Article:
The last laugh is all Ranger’s [Editor’s Note: Let's make this clear upfront. Ranger wasn't good enough to win in Champ Car, regularly getting outpaced by his faster teammates, so NASCAR was his only option.]
Andrew Ranger has a message for all those people who said he made a mistake quitting the Champ Car World Series to go NASCAR racing.
"It was the best mistake I ever made," the 20-year-old from Roxton Pond, Que., said yesterday at Kawartha Speedway.
Ranger won in only his second start in the NASCAR Canadian Tire Series this season and has not finished outside of the top 10 since then.
He was leading the championship race going into last night's Dodge Charger 250 by a slim 41 points over the No. 17 Castrol Dodge of D.J. Kennington of St. Thomas.
And when the checkered flag dropped to end NASCAR's first season of weekly racing in Canada under the Canadian Tire banner, Ranger became the first champion of the new series.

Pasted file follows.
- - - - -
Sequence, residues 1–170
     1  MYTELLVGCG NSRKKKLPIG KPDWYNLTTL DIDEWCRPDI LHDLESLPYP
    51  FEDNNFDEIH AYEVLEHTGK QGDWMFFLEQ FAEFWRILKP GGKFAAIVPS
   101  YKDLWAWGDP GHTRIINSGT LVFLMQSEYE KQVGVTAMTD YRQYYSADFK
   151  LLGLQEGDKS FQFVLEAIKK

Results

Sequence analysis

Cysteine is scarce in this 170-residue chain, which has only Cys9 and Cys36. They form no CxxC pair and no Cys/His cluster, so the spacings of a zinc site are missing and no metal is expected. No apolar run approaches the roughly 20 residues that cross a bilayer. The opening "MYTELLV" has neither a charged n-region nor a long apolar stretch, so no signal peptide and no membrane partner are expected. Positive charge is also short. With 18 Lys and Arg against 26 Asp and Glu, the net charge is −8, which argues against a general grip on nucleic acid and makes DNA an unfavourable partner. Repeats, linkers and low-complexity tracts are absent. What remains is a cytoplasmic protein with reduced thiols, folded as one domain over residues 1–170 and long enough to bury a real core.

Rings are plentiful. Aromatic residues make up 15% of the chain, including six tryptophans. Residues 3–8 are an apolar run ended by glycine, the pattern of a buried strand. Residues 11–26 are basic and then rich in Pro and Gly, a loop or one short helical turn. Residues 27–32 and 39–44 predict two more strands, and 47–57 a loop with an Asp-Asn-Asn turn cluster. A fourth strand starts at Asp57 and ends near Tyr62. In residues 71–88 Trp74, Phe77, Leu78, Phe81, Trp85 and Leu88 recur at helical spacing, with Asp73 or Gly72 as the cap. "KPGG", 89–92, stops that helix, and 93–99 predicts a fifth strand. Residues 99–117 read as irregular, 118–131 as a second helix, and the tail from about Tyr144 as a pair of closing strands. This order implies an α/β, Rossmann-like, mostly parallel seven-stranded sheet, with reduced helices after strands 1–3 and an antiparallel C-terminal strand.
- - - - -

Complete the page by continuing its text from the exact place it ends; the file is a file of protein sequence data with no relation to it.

Scott Steckly won the race in the No. 22 Erb Transportation Dodge.
His first NASCAR season was more than just results for Ranger, however.
"When I made the decision to leave open-wheel racing I didn't know what to expect," he said. "I was so tired of spending more time finding money to race than actually racing that I started not to like it."
Ranger said that it was hard to justify having to come up with $4 million a season to race in Champ Car, when all that got him was a ride with a team that had no real chance of winning.
Yet in spite of under-funded efforts, Ranger managed a top-10 championship finish in his second Champ Car season.
"I thought that would mean an automatic job back in the series where they would pay me," he said. "I was disappointed and disillusioned when I wasn't offered anything to go back this season."
Enter Dave Jacombs, who put Ranger in the No. 27 Wal-Mart/Tide Jacombs Racing Ford.
"They are actually paying me to race," Ranger said. "What a concept." Toronto Sun